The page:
Health & Vaccines
The current health risk that so many pregnant women or soon-to-be pregnant women are worried about is still a risk (August, 2017), and it has spread. While it is advised that pregnant or soon-to-be pregnant women avoid these areas, if you must travel to a zika zone, take precautions such as covering exposed skin, wearing bug spray, and sleeping with a mosquito net. It can also be passed through sperm so men need to take precautions as well. Check out this link for a map of current zika areas and information about it or check here for a list of countries published by the Canadian government where Zika is currently a concern. There is apparently a zika vaccine in development but it is not available to the general public yet.
Malaria medication is an iffy subject because these medications can potentially have severe side effects and you need to weigh the pros and cons of taking the medication against the risk of contracting malaria (this is my personal opinion, talk to your doctor or travel clinic about your specific needs). I highly recommend checking a malaria risk map like this one from the WHO which shows the actual (reported) incidence number by country (although this specific map doesn't look like it's been updated since 2014). If there is some risk but it's small, I tend not to take the medication (but I bring it with me as a 'just in case I get it' measure). If the risk is high, I am more likely to take it. Always discuss with your doctor and/or travel clinic before making any decisions.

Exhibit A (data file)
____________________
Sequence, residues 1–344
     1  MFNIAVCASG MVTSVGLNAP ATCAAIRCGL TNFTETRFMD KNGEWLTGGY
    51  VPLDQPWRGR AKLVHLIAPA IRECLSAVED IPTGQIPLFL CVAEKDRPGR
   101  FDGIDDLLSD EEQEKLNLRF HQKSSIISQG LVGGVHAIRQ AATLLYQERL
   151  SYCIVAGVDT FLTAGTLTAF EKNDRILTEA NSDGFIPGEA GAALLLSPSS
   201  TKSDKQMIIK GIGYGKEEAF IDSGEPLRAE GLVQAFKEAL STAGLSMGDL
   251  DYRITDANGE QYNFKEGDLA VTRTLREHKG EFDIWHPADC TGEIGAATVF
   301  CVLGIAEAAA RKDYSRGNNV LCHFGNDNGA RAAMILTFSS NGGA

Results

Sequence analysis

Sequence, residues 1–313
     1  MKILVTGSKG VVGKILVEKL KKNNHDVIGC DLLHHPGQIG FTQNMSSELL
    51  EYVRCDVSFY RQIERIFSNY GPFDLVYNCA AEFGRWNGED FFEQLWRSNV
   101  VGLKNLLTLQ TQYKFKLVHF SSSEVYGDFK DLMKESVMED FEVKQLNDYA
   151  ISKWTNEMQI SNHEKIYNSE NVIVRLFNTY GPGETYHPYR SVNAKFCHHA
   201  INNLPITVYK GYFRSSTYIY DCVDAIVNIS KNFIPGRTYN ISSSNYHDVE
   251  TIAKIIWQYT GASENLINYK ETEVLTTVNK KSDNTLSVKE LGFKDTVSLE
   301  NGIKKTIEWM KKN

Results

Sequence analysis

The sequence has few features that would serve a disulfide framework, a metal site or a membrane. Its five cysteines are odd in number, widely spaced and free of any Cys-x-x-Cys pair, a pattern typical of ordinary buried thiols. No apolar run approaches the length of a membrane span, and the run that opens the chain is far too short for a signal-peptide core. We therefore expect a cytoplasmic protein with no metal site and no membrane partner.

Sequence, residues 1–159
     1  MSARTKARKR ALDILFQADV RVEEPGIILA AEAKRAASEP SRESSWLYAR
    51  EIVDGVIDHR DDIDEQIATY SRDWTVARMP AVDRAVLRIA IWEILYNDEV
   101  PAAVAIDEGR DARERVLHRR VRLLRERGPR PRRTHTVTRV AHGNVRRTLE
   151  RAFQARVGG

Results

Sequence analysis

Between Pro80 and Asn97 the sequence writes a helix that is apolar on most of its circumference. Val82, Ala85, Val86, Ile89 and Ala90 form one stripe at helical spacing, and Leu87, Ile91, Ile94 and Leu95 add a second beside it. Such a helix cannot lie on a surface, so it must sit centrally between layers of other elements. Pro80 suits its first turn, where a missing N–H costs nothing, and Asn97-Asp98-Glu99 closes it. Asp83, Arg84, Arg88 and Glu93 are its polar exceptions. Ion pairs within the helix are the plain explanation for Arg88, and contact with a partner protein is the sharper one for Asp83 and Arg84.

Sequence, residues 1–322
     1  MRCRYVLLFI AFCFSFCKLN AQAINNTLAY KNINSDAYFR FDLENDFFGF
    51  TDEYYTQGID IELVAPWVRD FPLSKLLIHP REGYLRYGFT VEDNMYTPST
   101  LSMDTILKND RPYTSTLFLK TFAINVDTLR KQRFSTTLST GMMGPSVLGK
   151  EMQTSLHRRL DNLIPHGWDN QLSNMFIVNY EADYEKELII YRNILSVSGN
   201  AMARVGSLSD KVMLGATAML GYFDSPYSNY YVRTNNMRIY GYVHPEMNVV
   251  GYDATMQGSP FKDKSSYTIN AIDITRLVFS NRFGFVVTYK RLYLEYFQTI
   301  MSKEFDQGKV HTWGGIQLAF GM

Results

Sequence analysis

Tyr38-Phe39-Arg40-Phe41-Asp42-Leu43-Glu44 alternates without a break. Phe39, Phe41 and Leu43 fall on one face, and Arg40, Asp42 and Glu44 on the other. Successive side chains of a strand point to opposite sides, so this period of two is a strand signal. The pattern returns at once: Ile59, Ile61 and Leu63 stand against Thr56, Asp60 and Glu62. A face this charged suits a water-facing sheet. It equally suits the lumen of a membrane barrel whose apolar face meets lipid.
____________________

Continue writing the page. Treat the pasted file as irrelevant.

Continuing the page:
Is a must! Do not leave home without it. That way, if you get sick or something happens you will be covered (fall off a bicycle, get hit by a car, trip on a curb and break an arm, get into a scooter accident, etc etc etc). Double check before you purchase exactly what you will be covered for, as many do not cover things like ATV rentals or bungee jumping or other potentially "dangerous" activities.
Do your research and find out if there are specific vaccines you will require for the region you will be visiting. Some countries REQUIRE proof of specific vaccines before they will grant you a visa or upon arrival in their country (for example, I had to have my yellow fever certificate with me at all times when I visited Tanzania). Keep in mind that some vaccines require weeks or months before they become effective, and may require a booster, so know what you need and when to get it. The Canadian government provides information about recommended and required vaccines that is searchable by destination here.